By Rosanna Haroutounian in Quebec City
Racial profiling by police is not a new phenomenon. The ability to now document aggression by law enforcement against African Americans and other racialized people and broadcast the footage around the world makes this long-standing injustice hard to ignore.
Along with meaningful discussions though, these images are also sparking retaliation by some members of the targeted communities.
These acts of aggression, the feelings they create, and the history they are grounded in, are hard for adults to understand, let alone explain to a young person.
Thanks to the Internet and technology, children and youth today have the world at their fingertips. Yet defining how prejudice and racism continue to have implications in different realms of society are ongoing topics of research, policy discussions and public debate.
Books like The Stone Thrower by Canadian author, Jael Richardson, are one way to start a conversation with children about the historical roots of some of the prejudice we continue to see today against African Americans.
The illustrated book tells the real-life story of Chuck Ealey, starting from when he was born in Portsmouth, Ohio, in 1950. He grows up in the city’s North End neighbourhood without most of the opportunities that many other children in America enjoy.
Because of racism against Black people in America — which often revolves around the idea that all Black people have characteristics that make them inferior to Caucasian Americans — Chuck and other people who have black skin must live, learn and play separately from those with white skin.
Chuck’s mother works long hours for little money, yet still has time and energy to instill in her son the drive to get educated and follow the train tracks that go beyond the North End.
“How could he get out of the North End if they didn’t even have enough money for food?” Chuck wonders.
He begins visiting the train tracks regularly to practise throwing stones at the passing freight cars. It helps him on the football field, and eventually his high school coach asks him to play quarterback during a game.
On the field, he is taunted by the rival team, but maintains his focus and determination to win.
The team’s victory is the start of Chuck Ealey’s long and successful career in high school and college football. After that, though, his time as a football player in the United States is over.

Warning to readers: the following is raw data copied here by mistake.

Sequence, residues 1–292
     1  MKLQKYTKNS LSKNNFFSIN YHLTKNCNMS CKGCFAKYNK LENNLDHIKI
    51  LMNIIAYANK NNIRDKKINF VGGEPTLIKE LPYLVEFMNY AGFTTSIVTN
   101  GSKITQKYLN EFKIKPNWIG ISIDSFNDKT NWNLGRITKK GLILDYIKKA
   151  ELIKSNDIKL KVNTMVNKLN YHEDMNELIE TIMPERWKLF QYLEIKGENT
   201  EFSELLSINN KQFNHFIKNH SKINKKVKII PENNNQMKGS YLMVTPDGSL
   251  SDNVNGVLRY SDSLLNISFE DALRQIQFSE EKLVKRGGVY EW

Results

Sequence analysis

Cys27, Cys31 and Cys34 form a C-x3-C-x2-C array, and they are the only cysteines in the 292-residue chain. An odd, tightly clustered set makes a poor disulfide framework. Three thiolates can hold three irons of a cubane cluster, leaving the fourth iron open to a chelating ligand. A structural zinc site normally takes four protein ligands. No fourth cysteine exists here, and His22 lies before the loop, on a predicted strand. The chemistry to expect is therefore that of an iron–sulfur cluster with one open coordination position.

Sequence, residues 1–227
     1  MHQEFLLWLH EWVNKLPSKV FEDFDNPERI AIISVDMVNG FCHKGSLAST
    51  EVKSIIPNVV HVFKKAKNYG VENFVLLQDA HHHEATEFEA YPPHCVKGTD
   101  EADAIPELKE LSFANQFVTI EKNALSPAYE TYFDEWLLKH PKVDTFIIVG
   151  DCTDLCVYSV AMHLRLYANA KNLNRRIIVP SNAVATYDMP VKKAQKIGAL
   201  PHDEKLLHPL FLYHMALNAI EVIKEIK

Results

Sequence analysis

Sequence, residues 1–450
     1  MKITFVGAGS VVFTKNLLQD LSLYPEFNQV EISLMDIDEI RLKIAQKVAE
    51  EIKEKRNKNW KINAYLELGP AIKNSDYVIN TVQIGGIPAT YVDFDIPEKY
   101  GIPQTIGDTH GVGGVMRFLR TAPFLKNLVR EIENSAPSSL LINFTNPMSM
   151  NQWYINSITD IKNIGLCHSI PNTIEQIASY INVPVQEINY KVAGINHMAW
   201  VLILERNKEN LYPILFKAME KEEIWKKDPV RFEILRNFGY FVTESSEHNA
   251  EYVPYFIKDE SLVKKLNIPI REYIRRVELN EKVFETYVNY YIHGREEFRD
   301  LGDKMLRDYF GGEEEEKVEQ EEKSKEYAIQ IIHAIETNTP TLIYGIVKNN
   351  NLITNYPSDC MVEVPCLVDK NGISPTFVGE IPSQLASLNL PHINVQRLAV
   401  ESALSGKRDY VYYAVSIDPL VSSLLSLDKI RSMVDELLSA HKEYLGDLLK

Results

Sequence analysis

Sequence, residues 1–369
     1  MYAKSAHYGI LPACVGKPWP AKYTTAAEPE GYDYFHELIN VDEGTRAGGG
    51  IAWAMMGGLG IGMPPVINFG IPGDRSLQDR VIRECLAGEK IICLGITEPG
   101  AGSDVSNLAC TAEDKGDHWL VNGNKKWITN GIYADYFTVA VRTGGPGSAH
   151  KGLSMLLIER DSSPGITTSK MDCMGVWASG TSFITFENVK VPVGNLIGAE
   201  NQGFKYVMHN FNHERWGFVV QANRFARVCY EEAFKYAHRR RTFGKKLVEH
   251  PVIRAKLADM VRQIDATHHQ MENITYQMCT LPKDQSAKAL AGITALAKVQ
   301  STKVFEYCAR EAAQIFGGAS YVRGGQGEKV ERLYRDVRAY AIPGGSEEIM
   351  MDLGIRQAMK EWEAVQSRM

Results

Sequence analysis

“The National Football League didn’t believe that he could be a great quarterback because of the color of his skin,” writes Richardson.
So instead, Ealey moved to Canada to play in the Canadian Football League (CFL). In his first year as a quarterback for the Hamilton Tiger-Cats, he led the team to the Grey Cup championship and was named the game’s Most Valuable Player and the CFL’s Rookie of the Year.
“It’s an unbeatable story that amazes me, even though I’ve heard it all before, because Chuck Ealey happens to be my father,” Richardson explains at the end of the book. She has also written about her father’s story in a 2012 memoir called The Stone Thrower: A Daughter’s Lesson, a Father’s Life, which was the subject of a TSN (The Sports Network) documentary.
Chuck’s story is remarkable, yet his experience with racism is not unique. Racial segregation was a reality for a huge segment of the population only about 50 years ago — in both the United States and Canada.
Children can relate to parts of the book about playing outdoors, practising sports and being part of a team. What might come as a surprise is that there was once a time when not all children could enjoy these things equally.
The Stone Thrower’s colourful and animated pages tell of a history that was much uglier, hateful and violent.
While segregation was not enshrined in Canadian law, it still existed in all facets of social life. The story of Viola Desmond being arrested for sitting in the whites-only section of a New Glasgow, Nova Scotia, movie theatre is just one example.
These injustices continue to have repercussions that are felt today. While the days of slavery are over, poverty in Black communities and videos of police brutality against Black people are remnants of what U.S. President Barack Obama termed “the difficult legacy of race.”
The NFL can no longer bar Black athletes from playing football, but law enforcement, employers and the justice system are still realms in which race matters. The Stone Thrower is a reminder of how far we have come, and how far we have yet to go.
However, Ealey’s story is also a much-needed reminder for children and adults alike of what is possible when we work against division and towards inclusion. Through a basic retelling of how one man overcame injustice to be treated fairly, we see how difficult it is to explain and justify segregation and inequality.
On the other hand, we see how easy it is to defend everyone’s basic right to work, play and live without discrimination.
Reprinted from New Canadian Media
Rosanna Haroutounian is a freelance writer and the assignment editor at New Canadian Media. She studied journalism and political science at Carleton University and now splits her time between Quebec City and Peterborough, Ontario.